I’ve fallen in love! While browsing Minted’s selection of classroom Valentines with my kids, I spotted these darling striped heart cards and fell head-over-heels. They’re cute enough for the classroom, but sophisticated enough to give to grown-up friends. In fact, I’m ordering some to tuck into little Valentine’s Day treats I’m sending to friends across the country.
Layered Heart Classroom Valentines by Amber Barkley; Painted Heart Sugar Cookies (recipe below)
Sugar cookies are particularly addicting and heart-shaped ones are perfect for Valentine’s Day. When I saw these striped heart Valentines, I immediately wanted to make cookies that looked just like them. Painted sugar cookies look really beautiful and fun, and they’re surprisingly easy to make. The instructions may seem long but they’re detailed, not difficult. Make sure you leave yourself plenty of time to make these—there are a couple of steps that involve some waiting time.
Click through for the cookie recipe and directions on how to paint them…
Painted Heart Sugar Cookies
Makes 2 dozen 3″ cookies
This recipe is great because the cookies taste scrumptious and hold their shape really well.
14 tablespoons butter, softened
1 cup sugar
1 teaspoon vanilla
Pinch of salt
3 cups flour
Cream together the butter, sugar, and vanilla. Beat in the egg and salt until well combined, scraping down the sides of the bowl. Add the flour and mix on low until dough forms. Knead into a ball and divide into 2 pieces. Roll out each portion between parchment paper to a thickness of about 1/4″. Refrigerate for 30 minutes. Once chilled, peel off parchment and place dough on a lightly floured surface. Cut out hearts with a 3″ heart-shaped cookie cutter. Re-roll scraps as needed until all dough is used up. Arrange hearts on parchment-lined baking sheets and refrigerate for another 30 minutes to an hour. Preheat oven to 350°F. Bake until cookies are set but not turning golden, about 10 minutes. If you see the edges beginning to brown, pull them out immediately. Allow to cool on the baking sheet for a few minutes before transferring to a cooling rack. Cool completely before icing.
2 1/2 cups powdered sugar, plus another 1-2 tablespoons
2 large egg whites
2 tsp lemon juice
Beat egg whites with lemon juice until combined. Add 2 1/2 cups powdered sugar. Beat on low until combined and smooth. Scoop about 1/2 cup icing into a small bowl, and add enough powdered sugar to thicken it to the point where it will hold it’s shape when piped. This smaller, thicker portion of icing is for outlining the hearts with a pastry bag and piping tip. The rest is for flooding, or covering the outlined area with icing. Scoop the thicker icing into a pastry bag fitted with a round piping tip, the kind you would use to write Happy Birthday on a cake. Pipe a heart onto each heart cookie. Stay about 1/8″ away from the edges and use firm, steady pressure to squeeze the bag. After you’ve outlined each heart, fill it in with the thinner frosting. I just used a small spoon to scoop icing and pour it into the outlined area. Allow the icing to set completely before painting. I let mine sit out overnight uncovered and they were perfect the next morning.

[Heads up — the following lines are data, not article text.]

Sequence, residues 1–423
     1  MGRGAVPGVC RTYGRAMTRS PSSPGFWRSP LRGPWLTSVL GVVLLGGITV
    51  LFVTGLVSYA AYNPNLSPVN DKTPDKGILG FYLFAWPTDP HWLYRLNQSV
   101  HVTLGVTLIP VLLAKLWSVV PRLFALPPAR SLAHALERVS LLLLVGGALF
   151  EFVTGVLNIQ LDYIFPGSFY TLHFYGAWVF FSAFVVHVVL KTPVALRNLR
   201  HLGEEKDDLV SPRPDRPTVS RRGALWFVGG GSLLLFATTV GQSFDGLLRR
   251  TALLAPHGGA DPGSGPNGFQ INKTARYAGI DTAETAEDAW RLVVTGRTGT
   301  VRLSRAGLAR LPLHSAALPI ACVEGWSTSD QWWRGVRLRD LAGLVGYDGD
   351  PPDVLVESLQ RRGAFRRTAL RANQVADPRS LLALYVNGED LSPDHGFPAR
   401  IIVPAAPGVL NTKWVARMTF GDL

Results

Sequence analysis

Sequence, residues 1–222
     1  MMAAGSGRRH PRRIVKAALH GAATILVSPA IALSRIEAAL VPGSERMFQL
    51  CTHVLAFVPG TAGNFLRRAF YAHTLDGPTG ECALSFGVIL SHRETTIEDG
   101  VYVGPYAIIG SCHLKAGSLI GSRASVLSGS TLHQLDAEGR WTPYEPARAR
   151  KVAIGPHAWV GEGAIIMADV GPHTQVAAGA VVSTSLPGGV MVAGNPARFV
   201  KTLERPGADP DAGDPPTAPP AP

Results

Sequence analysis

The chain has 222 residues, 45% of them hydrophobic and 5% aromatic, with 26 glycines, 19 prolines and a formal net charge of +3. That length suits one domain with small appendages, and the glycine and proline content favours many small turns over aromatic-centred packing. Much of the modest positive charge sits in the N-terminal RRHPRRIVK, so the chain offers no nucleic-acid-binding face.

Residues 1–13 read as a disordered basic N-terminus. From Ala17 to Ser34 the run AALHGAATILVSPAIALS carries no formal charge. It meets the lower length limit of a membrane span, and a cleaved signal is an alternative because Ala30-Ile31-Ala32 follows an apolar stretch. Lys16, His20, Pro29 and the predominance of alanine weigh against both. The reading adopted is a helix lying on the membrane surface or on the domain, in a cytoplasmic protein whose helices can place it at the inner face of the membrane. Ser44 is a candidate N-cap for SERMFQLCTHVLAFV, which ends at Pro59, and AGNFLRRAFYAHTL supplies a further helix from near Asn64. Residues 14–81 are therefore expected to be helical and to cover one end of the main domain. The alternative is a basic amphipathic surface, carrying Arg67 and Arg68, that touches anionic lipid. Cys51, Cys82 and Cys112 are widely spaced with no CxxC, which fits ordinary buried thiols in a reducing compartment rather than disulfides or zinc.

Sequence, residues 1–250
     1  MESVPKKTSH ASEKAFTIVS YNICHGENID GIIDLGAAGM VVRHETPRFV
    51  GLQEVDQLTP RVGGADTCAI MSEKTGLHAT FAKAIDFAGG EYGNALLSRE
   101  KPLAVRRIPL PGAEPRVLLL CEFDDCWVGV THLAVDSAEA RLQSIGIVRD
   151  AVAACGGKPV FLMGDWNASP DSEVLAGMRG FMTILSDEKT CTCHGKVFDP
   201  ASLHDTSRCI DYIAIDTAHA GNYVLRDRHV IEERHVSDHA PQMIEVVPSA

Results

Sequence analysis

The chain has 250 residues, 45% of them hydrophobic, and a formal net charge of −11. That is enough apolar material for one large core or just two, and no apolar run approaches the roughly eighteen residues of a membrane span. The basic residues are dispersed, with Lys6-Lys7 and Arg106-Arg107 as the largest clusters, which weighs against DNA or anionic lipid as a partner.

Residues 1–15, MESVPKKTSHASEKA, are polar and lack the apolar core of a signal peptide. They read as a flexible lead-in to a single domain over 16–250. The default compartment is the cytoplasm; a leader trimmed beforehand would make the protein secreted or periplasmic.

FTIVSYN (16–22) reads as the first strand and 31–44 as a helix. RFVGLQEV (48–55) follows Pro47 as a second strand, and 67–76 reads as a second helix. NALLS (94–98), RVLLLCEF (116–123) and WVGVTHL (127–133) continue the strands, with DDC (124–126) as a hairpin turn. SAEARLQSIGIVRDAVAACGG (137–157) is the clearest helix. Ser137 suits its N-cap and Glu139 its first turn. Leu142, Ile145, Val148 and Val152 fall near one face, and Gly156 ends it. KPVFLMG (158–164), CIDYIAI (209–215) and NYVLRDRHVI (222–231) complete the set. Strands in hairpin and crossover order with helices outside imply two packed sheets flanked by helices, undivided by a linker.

Painting the Cookies
Gel food coloring
Vodka or any clear food extract
Thin-tipped paint brush
Use a toothpick to scoop a small blob of gel food coloring out of the container; place it on a waterproof surface like a dinner plate or a piece of foil or some freezer paper. Pour a few teaspoons of vodka or extract into a small bowl. To paint, simple wet your brush with the alcohol, dab it on the colored gel, and paint! It works just like the watercolors you used as a kid. Make sure you rinse the brush really well with water and dry it off between colors. Allow the cookies to dry before eating or packaging or giving.
Tips for painting on royal icing:
• I picked my ugliest cookie and use it to experiment with my colors. Some colors, like the pink, were much brighter than I wanted, so I dabbed the wet brush on the gel very lightly. Other colors, like the red, were pretty pale, so I tried to pick up lots of color with my brush. Each color is a little different, so spend a few minutes experimenting before you begin in earnest.
• Yes, you can actually just use water instead of alcohol to wet your paintbrush. But I found that the results were much more intensely colored and stayed oddly shiny, even after drying, when I tried using water. It just wasn’t the look I was going for. And if you use water, the paint takes much, much longer to dry. The whole point of using alcohol (or something alcohol based) is that the alcohol will evaporate (dry off) really quickly.
• Vodka is great because it doesn’t impart any flavor to the cookies, but any clear, alcohol-based food extract will work just as well. And you’re using such minuscule amounts that you really won’t notice much of a change in flavor. I used clear lemon extract, and I couldn’t tell at all. The finished cookies did not taste lemony to me at all, and the only comment I got about the flavor was from my mom who wondered if there was something vaguely lemony about the cookies. I’d love to try peppermint on some holiday cookies to see if it would be noticeable.
• If you don’t have the exact color of gel food coloring that you want, you can always mix your own colors. Just use a little dab of each gel and mix them on your plate the way an artist would mix paint on a palette.
Find more of Melissa on her blog.2 COMMENTS